Hardware watchpoint 4: d_sdivzstepu
    (undodb-gdb) bcont // run backwards (2nd time)
    Hardware watchpoint 4: d_sdivzstepu

    Old value = 0.00160917651 // Here's where d_sdivzstepu was assigned
    New value = 0.00191315648
    0x00007fb100361fa6 in D_CalcGradients (pface=0x7fb0ff0cd204) at
    817 d_sdivzstepu = p_saxis[0] * t;

Once again I look at the inputs to the expression, looking for a difference between the two runs:

    (undodb-gdb) print t
    $16 = 0.00249999994           // This is the same
    (undodb-gdb) print p_saxis[0]
    $17 = 0.643670619             // With openlibm I get 0.643670678
    (undodb-gdb) delete
    Delete all breakpoints? (y or n) y
    (undodb-gdb) watch p_saxis[0] // Run backwards again to find why...
    Hardware watchpoint 5: p_saxis[0]
    (undodb-gdb) bcont            // 3rd call to bcont
    Hardware watchpoint 5: p_saxis[0]
    Old value = 0.643670619       // Here's the source of p_saxis[0]
    New value = 5.30636976e-37
    0x00007fb100369025 in TransformVector (in=0x7fb0ff01d724, out=0x7ffd033490c0)
             at /home/jwhitham/Quake-2/headless_quake2/linux/../ref_soft/r_misc.c:219
    219 out[0] = DotProduct(in,vright);
    (undodb-gdb) print in[0]
    $18 = 1                       // Look at the inputs:
    (undodb-gdb) print in[1]      // in[0], in[1], in[2] are same...
    $19 = 0
    (undodb-gdb) print in[2]
    $20 = 0
    (undodb-gdb) print vright     // but vright is different.
    // with GNU libm {0.643670678, 0.765262604, 0.00783333182}
    $21 = {0.643670619, 0.765262604, 0.00783333182} // with openlibm

vright[0] is different, so yet again, I run backwards to find out why:

    (undodb-gdb) delete
    Delete all breakpoints? (y or n) y
    (undodb-gdb) watch vright[0]
    Hardware watchpoint 6: vright[0]
    (undodb-gdb) bcont      // 4th time
    Hardware watchpoint 6: vright[0]
    Old value = 0.643670619
    New value = 0.643877447
    0x00007fb100379afc in AngleVectors (angles=0x7fb1005cb4c4, forward=0x7fb1005b7ad8,
             right=0x7fb1005cadb4, up=0x7fb1005cb418) at 
    117 right[0] = (-1*sr*sp*cy+-1*cr*-sy);
    (undodb-gdb) print sr
    $22 = -0.00785390008 // same as openlibm
    (undodb-gdb) print sp
    $23 = 0.0723257735 // same as openlibm
    (undodb-gdb) print cy
    $24 = -0.764920235 // same as openlibm
    (undodb-gdb) print cr
    $25 = 0.999969184 // same as openlibm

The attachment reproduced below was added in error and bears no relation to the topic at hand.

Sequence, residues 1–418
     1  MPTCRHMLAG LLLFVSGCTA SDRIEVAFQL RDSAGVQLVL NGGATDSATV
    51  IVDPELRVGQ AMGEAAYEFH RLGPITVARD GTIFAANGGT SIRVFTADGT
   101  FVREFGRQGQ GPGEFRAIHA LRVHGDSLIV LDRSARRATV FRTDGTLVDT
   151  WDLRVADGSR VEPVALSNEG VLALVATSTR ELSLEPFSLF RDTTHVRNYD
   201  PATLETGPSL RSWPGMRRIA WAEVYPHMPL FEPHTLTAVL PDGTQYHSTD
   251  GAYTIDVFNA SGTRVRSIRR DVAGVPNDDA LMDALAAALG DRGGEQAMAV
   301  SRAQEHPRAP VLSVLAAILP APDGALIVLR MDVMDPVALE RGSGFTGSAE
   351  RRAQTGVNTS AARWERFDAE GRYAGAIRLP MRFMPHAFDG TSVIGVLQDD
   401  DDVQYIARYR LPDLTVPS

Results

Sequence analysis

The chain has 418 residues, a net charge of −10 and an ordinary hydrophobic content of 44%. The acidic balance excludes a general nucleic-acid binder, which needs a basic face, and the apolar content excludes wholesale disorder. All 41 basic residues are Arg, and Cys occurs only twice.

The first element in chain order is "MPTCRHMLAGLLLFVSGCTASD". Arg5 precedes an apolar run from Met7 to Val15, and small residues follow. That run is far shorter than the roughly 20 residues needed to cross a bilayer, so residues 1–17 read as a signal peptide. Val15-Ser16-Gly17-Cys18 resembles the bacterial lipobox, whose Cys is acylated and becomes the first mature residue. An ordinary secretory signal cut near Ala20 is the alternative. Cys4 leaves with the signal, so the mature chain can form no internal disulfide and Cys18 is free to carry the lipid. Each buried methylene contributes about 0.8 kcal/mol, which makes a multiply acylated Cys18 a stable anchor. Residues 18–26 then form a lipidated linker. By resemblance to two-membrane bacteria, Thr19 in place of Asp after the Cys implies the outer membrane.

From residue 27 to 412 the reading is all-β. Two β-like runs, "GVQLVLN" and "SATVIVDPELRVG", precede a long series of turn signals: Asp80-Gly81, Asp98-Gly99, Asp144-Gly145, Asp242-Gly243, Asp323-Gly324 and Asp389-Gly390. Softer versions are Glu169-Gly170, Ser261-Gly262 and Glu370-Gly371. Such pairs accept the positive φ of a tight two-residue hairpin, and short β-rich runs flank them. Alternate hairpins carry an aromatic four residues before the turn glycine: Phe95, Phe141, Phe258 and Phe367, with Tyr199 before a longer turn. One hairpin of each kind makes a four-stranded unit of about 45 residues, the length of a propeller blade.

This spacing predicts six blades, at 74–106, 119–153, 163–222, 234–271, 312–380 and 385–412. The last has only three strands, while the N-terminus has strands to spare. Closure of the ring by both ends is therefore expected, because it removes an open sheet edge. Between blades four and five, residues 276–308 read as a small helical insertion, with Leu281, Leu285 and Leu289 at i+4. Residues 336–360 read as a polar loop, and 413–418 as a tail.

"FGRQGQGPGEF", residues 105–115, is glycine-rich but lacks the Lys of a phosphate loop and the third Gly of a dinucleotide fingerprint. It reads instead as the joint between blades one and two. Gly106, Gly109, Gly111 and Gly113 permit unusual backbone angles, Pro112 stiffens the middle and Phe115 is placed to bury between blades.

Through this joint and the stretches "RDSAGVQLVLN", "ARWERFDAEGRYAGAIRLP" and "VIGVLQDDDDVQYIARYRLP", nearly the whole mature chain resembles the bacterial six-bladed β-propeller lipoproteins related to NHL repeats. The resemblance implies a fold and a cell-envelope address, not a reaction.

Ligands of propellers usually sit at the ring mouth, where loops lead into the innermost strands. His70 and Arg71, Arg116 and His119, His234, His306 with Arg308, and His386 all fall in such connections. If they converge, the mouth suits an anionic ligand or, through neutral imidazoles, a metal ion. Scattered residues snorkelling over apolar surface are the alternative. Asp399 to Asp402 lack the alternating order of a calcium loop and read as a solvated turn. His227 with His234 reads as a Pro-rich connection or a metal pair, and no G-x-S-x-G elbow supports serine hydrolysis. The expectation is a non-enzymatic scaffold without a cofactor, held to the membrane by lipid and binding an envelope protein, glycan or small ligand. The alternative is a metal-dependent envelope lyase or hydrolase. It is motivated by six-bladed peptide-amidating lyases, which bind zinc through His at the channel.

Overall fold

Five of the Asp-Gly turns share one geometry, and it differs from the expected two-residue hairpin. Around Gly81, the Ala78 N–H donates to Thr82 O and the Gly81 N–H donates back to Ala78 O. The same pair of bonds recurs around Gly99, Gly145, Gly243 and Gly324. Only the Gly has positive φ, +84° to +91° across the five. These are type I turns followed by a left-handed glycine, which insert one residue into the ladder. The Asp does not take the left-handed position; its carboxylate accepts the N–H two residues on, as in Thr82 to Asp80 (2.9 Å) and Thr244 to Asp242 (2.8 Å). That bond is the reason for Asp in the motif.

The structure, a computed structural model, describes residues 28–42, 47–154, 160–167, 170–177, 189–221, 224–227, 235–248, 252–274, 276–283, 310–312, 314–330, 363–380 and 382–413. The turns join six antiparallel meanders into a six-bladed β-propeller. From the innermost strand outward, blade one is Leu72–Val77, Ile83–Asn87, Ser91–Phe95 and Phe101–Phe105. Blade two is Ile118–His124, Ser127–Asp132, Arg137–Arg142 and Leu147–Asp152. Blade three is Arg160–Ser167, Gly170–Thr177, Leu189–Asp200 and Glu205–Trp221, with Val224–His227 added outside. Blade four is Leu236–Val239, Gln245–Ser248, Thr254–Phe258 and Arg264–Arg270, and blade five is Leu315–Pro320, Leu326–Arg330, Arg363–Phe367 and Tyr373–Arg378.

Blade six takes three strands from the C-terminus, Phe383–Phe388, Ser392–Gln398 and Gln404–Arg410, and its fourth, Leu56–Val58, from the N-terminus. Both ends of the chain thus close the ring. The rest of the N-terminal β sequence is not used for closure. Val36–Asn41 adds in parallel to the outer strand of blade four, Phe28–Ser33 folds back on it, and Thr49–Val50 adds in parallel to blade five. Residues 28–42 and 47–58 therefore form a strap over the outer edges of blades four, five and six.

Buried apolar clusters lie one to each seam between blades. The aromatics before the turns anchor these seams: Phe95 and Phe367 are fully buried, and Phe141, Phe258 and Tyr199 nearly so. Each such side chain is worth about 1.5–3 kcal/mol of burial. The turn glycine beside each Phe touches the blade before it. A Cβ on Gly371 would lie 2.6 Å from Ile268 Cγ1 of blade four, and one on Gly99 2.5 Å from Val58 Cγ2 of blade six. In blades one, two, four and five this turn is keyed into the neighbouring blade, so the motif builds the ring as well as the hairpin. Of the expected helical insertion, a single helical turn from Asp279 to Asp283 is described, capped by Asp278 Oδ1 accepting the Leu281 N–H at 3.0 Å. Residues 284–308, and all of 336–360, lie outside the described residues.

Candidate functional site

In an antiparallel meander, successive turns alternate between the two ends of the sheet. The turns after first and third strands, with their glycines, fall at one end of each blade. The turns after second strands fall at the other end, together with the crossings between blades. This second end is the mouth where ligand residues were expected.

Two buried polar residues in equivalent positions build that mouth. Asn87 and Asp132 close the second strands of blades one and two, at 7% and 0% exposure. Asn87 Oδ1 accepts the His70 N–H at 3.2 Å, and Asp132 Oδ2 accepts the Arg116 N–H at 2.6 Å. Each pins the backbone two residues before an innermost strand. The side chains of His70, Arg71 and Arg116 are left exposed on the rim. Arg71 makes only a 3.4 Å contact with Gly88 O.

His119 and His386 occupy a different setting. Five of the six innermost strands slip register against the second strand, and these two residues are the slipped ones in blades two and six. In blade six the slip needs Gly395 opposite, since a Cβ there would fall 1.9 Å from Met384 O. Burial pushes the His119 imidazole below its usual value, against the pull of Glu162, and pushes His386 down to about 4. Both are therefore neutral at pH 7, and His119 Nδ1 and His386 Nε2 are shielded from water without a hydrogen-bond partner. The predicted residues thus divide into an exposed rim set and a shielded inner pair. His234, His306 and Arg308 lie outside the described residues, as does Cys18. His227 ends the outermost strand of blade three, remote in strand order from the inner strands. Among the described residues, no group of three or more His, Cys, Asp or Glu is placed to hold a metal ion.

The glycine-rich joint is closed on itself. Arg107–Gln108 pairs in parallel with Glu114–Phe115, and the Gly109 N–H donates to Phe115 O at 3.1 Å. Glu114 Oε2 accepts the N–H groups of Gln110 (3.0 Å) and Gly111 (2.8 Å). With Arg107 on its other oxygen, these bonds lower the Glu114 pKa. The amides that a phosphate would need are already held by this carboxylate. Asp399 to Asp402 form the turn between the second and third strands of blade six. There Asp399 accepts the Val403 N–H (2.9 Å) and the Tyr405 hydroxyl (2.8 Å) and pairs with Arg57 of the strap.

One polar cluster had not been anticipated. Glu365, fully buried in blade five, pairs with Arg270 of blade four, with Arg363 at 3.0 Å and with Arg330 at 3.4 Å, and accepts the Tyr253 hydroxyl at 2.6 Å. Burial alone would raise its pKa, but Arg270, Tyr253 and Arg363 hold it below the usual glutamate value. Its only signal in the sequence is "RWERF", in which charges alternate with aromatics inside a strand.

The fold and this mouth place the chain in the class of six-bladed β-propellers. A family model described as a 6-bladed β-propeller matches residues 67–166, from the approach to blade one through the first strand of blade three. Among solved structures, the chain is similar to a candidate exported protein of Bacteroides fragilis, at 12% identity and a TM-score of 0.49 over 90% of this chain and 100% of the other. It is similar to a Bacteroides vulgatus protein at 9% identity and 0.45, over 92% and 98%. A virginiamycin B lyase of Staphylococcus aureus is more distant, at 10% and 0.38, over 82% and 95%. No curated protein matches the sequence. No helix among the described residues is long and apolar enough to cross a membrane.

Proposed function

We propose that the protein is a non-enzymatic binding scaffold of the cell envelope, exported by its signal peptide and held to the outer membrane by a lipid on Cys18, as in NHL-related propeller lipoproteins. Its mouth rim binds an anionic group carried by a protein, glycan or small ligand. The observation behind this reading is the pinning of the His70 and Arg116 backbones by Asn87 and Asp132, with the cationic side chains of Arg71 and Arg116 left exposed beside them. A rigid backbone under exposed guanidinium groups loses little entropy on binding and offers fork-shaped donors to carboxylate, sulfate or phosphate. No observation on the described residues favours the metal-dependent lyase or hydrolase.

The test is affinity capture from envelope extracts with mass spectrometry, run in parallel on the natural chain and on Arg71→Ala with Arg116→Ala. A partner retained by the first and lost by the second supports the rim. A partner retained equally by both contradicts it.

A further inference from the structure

(undodb-gdb) print sy
    $26 = 0.644124985 // different! openlibm had 0.644125044
    (undodb-gdb) delete
    Delete all breakpoints? (y or n) y
    (undodb-gdb) watch sy
    Hardware watchpoint 7: sy
    (undodb-gdb) bcont // run backwards again (5th time)
    Hardware watchpoint 7: sy
    Old value = 0.644124985
    New value = 0
    0x00007fb10037995a in AngleVectors (angles=0x7fb1005cb4c4, forward=0x7fb1005b7ad8,
             right=0x7fb1005cadb4, up=0x7fb1005cb418) at
    100 sy = sinf(angle);
    (undodb-gdb) print angle
    $27 = 2.44171381 // same as openlibm

And here's the reason for the difference. The "sinf" function is implemented differently in the two math libraries. With GNU libm, sinf(2.44171381) = 0.644124985. With openlibm, sinf(2.44171381) = 0.644125044. It's a difference in rounding - and though it is a very small difference, it still affects the output drawn on the screen. This is why I bundled openlibm with my Quake 2 benchmark. Both answers are valid - the difference is only in the least-significant bit of the floating-point number returned by sinf - but I need the behaviour of the program to be completely consistent, and unaffected by system library versions.

As the debugger transcript shows, in order to go from a visibly different pixel to the subtly different output from sinf, I had to run backwards five times. It would have taken at least five runs of Quake 2, and probably more, to find the source of the difference by hand. I would have needed to add counters to the program in order to stop in the correct places, since all of this code is executed repeatedly during each frame. The process would be error-prone and slow. I would need to write plenty of notes in order to avoid becoming lost in the program. I would expect the whole process to take several hours, assuming no mistakes are made.

As it is, I was able to do all of this in a few minutes.

Since I've been building a benchmark program, I will add something about tool performance.

On an Intel i5-2500 PC, when compiled for AMD64 with GCC 4.7.2 and -O2, the Quake 2 benchmark running time is 20.3s, or 1.19ms per frame*. If I run the benchmark inside UndoDB (version 4.1.3840), the running time increases to 106.9s, or 6.29ms per frame. This is a slowdown, but put it into perspective by comparing with other development tools! For instance, valgrind (version 3.7) takes 590.4s (34.7ms per frame). And with GDB version 7.6, when running in the "record" mode required for reversible debugging, the same PC will take an astonishing 34 minutesto record a single frame. The overall running time will be approximately 400 days.

This great difference in performance does come with a caveat. As you'd expect, UndoDB's performance when running forwards comes at the cost of speed when running backwards, and a search for an event that occurred a long time ago can be rather slow. But I am talking about slowness on the "valgrind" scale rather than the "GDB" scale. You may have to wait a minute; you won't have to wait a day. As with forwards-only debugging, you can speed up the search by avoiding conditional breakpoints.

I use UndoDB at work, and I have considered buying a licence for use at home, but at this time, it's sold only as a tool for business use and the licencing fees reflect that. However, at work, the tool has already paid for itself. If you write software for a living, and you can run that software on Linux, then it's worth having a look at the free trial.


* Overall running times are a median of 19 executions. Frame timings are overall running times divided by 17000 frames.